WASHINGTON — The coronavirus pandemic has caused another delay for the U.S. Army’s plagued M113 replacement program, which has struggled with manufacturing problems as the BAE Systems-made Armored Multi-Purpose Vehicle entered low-rate initial production, according to the company’s second quarter fiscal 2020 earnings briefing released last week.
The company had to delay delivery of the first LRIP vehicles by roughly four to six months, moving delivery from March to July.
But as BAE prepared to move ahead on delivery, the pandemic hit, bringing with it another delay of roughly a month, which pushed the vehicles’ delivery date to August.
The AMPV program entered LRIP in January 2019, but the program office indicated last year that delivery of the first vehicles would be delayed by two months and the completion of production qualification testing would be delayed by seven months due to tooling and assembly line challenges at BAE’s facility in York, Pennsylvania.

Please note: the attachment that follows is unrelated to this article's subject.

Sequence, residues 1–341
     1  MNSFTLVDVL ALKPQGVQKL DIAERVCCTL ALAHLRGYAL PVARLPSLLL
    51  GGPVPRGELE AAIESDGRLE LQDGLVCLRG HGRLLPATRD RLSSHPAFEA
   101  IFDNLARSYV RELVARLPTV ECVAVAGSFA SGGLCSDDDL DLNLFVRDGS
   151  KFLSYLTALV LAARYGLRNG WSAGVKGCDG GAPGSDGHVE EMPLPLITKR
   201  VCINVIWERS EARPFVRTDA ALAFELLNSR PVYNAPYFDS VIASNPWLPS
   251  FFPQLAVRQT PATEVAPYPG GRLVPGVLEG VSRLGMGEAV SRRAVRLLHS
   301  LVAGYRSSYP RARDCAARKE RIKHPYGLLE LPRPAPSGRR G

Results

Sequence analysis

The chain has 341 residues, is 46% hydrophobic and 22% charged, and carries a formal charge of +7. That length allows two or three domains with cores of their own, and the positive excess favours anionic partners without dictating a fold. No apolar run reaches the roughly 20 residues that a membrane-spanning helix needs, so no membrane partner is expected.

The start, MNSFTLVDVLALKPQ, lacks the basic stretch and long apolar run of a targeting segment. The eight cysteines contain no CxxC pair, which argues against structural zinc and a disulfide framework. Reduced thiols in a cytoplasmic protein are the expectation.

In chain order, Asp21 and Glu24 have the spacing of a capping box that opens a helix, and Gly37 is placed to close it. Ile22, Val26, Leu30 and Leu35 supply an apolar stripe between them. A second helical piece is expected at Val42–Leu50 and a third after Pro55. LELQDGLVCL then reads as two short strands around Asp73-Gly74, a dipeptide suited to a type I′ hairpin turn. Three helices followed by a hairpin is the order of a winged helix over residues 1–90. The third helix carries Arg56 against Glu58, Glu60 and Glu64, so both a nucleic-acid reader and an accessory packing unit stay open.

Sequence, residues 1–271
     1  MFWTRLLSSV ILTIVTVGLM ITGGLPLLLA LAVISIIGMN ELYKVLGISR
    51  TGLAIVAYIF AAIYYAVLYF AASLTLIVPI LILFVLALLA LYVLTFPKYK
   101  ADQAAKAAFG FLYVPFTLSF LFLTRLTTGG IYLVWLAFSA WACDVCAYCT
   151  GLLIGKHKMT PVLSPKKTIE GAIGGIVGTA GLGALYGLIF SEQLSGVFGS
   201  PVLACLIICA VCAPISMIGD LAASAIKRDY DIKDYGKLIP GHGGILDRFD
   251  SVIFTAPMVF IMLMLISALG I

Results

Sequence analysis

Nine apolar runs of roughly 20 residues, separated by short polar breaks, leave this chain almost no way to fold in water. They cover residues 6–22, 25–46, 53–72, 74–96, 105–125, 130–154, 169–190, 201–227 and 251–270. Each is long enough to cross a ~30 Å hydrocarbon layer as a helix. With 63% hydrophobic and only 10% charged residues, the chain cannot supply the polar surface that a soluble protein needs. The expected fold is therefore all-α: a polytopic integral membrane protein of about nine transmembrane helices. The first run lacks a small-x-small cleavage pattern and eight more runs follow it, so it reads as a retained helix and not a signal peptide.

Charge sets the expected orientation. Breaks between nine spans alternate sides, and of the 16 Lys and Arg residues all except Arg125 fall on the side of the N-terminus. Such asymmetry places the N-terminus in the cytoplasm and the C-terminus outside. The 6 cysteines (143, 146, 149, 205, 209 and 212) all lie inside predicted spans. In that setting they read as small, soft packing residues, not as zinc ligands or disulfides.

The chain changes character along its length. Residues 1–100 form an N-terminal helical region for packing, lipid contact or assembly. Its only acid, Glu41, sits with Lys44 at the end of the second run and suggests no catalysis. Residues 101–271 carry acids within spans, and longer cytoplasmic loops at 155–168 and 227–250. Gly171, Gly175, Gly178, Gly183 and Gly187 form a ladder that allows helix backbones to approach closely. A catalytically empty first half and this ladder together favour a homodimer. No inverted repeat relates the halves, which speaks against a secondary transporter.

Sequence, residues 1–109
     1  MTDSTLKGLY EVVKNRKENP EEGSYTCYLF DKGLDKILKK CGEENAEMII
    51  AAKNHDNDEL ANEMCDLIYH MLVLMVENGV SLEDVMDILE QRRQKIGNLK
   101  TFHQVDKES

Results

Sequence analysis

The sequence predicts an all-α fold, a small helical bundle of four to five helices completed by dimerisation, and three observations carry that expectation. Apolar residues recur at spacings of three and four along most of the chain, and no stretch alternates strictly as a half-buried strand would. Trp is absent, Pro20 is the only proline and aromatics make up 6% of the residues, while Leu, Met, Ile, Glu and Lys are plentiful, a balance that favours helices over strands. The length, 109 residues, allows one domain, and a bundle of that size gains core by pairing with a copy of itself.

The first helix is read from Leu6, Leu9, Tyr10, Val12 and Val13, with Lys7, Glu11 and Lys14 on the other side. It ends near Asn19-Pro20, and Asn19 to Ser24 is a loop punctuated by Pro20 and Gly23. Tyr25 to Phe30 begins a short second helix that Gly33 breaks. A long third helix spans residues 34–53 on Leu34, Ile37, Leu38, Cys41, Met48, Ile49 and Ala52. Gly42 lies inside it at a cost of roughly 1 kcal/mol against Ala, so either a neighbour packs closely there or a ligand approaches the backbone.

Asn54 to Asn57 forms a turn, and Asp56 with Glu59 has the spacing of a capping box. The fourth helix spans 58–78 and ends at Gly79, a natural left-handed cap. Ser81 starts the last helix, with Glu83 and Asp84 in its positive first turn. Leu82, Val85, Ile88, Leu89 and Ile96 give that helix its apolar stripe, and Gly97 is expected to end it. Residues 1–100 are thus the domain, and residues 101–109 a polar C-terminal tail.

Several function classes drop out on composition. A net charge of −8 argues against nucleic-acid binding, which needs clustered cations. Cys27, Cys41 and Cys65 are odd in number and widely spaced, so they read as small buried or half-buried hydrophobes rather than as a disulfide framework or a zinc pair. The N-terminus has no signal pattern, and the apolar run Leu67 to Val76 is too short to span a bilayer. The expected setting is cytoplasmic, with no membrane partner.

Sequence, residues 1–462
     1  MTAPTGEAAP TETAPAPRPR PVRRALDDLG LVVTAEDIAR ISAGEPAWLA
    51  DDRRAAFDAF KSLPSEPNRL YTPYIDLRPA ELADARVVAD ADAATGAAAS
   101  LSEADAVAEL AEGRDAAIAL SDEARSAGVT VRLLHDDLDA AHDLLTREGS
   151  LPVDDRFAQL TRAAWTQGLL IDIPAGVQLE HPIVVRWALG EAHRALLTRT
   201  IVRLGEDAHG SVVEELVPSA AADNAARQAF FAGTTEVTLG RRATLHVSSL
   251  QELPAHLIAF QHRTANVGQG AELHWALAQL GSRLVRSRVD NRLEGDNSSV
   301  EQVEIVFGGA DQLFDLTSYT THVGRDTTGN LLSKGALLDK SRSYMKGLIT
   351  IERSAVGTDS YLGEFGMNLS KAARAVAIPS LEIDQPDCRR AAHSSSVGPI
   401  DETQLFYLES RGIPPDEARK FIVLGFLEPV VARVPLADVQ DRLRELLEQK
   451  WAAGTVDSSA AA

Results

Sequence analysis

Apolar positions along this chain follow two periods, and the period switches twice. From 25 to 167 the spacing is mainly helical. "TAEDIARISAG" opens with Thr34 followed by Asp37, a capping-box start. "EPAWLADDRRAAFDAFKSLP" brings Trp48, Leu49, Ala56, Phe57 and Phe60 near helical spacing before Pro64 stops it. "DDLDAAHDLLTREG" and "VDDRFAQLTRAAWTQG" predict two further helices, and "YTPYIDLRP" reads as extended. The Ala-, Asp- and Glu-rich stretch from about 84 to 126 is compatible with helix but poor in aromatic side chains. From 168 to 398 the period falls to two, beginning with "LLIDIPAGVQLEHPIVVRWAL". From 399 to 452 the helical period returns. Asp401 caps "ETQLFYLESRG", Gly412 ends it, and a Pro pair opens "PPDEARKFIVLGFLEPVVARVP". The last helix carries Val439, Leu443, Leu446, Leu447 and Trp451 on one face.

Because of the issues, the Army’s AMPV budget request in FY21 showed the program took a hit. The service indicated it would buy 32 vehicles instead of the 143 planned for the fiscal year, and the program’s budget was cut from $445 million to $193 million.
The Army and BAE developed “a production approach that would allow us to incorporate efficiencies during LRIP that modernize manufacturing and increase the overall throughput of the program,” Amanda Niswonger, a BAE spokeswoman, told Defense News in an Aug. 3 statement.
“This included installing new technology and processes such as robotic welding, digital X-ray, and advanced machining. And we worked closely with the Army to update and refine manufacturing processes to incorporate the most modern weld and inspection technology,” she said. “These changes had an impact on our delivery timeline which was not reflected in the original delivery schedule, but continues to meet the Army’s fielding schedule.”
The service and BAE had formalized the schedule change just as COVID-19 hit the U.S., which affected a large number of manufacturing facilities and supply chains globally.
“We have worked tirelessly to mitigate the impacts from COVID-19 with our employees, supply network, and customer base to keep our manufacturing sites operational and continue to receive parts as needed,” Niswonger said. “Unfortunately we could not overcome all the challenges and our first delivery has slipped one month.”
Jen Judson is an award-winning journalist covering land warfare for Defense News. She has also worked for Politico and Inside Defense. She holds a Master of Science degree in journalism from Boston University and a Bachelor of Arts degree from Kenyon College.